August 18, 2010
The HSUS Urges Dept. of Health and Human Services to Retire 202 Chimpanzees
National group delivers more than 25,000 letters, points out how NIH plan will cost millions of taxpayer dollars
WASHINGTON — Wayne Pacelle, president and CEO of The Humane Society of the United States, on Tuesday requested that 202 government-owned chimpanzees being warehoused at the Alamogordo Primate Facility in New Mexico be retired in place. He backed up the request with more than 25,000 letters from the public to U.S. Department of Health and Human Services Secretary Kathleen Sebelius.
The chimps are slated to be transferred to the Southwest National Primate Research Center in Texas, where they may be used in invasive research again.
"It is morally wrong to send these long-suffering creatures back into invasive research," Pacelle said. "It is time for the federal government to recognize the service of these animals, retire them, and end their isolation and suffering."
There are many reasons why the plan by the National Center for Research Resources is problematic and the chimpanzees should be retired, including:
- None of the chimpanzees at APF have been used in research for at least nine years.
- NCRR is paying up to $3 million of taxpayer dollars for construction and renovation of facilities at SWNPRC when, in recent years, NCRR has already spent millions to renovate APF.
- The majority of these chimpanzees are elderly and any additional investment in housing construction is wasteful, particularly since the government has made a commitment that it will no longer breed chimpanzees and therefore will not replace this population.
- NCRR is planning to move these chimpanzees by January of 2011, although their current contract with Charles River Laboratories doesn't end until May 2011. Therefore NIH will be paying twice for the care of these chimpanzees over a five-month period — at $108 per day per chimpanzee, resulting in the expenditure of over $3.2 million in taxpayer dollars.
- A nonprofit sanctuary managing the chimpanzees at the facility in Alamogordo could provide superior care for these animals, and likely at a lower cost in comparison to SWNPRC.
On Tuesday, New Mexico Gov. Bill Richardson met with National Institute of Health officials and urged them not to send the chimps to Texas.
Facts about Chimpanzee Research
- The Great Ape Protection Act (H.R. 1326 / S. 3694), legislation currently pending in the U.S. Senate and House, would retire approximately 500 federally-owned chimpanzees currently in laboratories to permanent sanctuary.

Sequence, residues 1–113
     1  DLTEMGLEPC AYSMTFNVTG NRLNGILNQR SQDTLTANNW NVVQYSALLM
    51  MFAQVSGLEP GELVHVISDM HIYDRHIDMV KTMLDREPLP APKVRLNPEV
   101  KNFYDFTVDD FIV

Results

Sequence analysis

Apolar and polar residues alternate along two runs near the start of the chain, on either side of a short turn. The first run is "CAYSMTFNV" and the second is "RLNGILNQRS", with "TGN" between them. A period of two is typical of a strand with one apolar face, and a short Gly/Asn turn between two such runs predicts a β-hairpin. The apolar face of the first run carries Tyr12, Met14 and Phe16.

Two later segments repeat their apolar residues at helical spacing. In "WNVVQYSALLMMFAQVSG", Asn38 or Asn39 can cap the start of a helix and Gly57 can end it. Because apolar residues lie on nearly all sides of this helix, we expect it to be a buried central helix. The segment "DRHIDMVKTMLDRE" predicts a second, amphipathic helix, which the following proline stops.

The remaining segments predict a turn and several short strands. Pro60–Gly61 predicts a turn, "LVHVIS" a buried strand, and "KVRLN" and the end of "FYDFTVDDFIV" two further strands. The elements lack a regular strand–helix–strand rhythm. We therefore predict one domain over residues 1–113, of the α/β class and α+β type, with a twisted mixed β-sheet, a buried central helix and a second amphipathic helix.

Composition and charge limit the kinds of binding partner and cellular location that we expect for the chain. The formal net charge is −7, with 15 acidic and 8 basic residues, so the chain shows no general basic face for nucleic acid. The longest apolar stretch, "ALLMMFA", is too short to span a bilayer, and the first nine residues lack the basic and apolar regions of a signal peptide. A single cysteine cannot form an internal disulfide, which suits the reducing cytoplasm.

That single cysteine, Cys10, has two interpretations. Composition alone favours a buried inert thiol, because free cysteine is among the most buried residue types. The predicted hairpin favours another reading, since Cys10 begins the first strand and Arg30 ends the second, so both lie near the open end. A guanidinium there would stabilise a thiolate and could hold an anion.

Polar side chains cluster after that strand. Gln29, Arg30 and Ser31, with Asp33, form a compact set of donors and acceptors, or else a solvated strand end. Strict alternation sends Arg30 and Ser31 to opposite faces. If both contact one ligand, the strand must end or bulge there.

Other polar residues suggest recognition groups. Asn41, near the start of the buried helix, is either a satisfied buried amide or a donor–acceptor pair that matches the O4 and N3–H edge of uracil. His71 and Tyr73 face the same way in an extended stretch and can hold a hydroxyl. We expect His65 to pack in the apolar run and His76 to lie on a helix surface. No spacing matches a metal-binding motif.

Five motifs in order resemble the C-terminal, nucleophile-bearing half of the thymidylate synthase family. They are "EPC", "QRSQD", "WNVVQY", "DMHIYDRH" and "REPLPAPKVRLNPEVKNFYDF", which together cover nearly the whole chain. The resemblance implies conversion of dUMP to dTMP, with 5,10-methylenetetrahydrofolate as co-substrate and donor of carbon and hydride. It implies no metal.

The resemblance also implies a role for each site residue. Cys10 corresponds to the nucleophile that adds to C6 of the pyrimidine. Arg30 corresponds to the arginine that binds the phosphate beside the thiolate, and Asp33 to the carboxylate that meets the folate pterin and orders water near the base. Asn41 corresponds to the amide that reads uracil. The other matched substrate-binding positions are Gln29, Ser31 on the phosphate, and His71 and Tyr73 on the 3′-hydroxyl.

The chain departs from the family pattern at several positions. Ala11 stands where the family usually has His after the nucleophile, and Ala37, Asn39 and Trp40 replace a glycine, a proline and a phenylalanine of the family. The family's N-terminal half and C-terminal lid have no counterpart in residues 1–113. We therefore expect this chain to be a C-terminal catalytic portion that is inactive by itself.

- The United States is the only developed country in the world that continues the large-scale confinement of chimpanzees in laboratories. Australia, Austria, Belgium, Japan, the Netherlands, New Zealand, Spain, Sweden and The United Kingdom have banned or limited their use.
- The lifetime care of one chimpanzee can cost up to $1 million. According to the National Institutes of Health, the cost to U.S. taxpayers for chimpanzee research and maintenance is more than $60 million per year.
- Chimpanzees have historically failed as a research model and most of the chimpanzees remaining in laboratories today aren't being used for research purposes. Instead, they are being warehoused, some for 30, 40 and 50 years.
- At any given time, about 80 to 90 percent of chimpanzees in laboratories are not used in research, but simply warehoused at tremendous taxpayer expense.
- In 2008, GlaxoSmithKline, a major pharmaceutical company that is developing therapies for hepatitis, voluntarily decided to end the use of chimpanzees for research.
- Efforts to end chimpanzee research and to see chimpanzees retired to sanctuary have drawn unprecedented support not only from the public but also from more than 600 scientists, physicians and other health professionals. For more information, go to the Chimps Deserve Better Campaign, humanesociety.org/chimps.
Follow The HSUS on Twitter. See our work for animals on your iPhone by searching "HumaneTV" in the App Store.
The Humane Society of the United States is the nation's largest animal protection organization — backed by 11 million Americans, or one of every 28. For more than a half-century, The HSUS has been fighting for the protection of all animals through advocacy, education and hands-on programs. Celebrating animals and confronting cruelty — On the Web at humanesociety.org.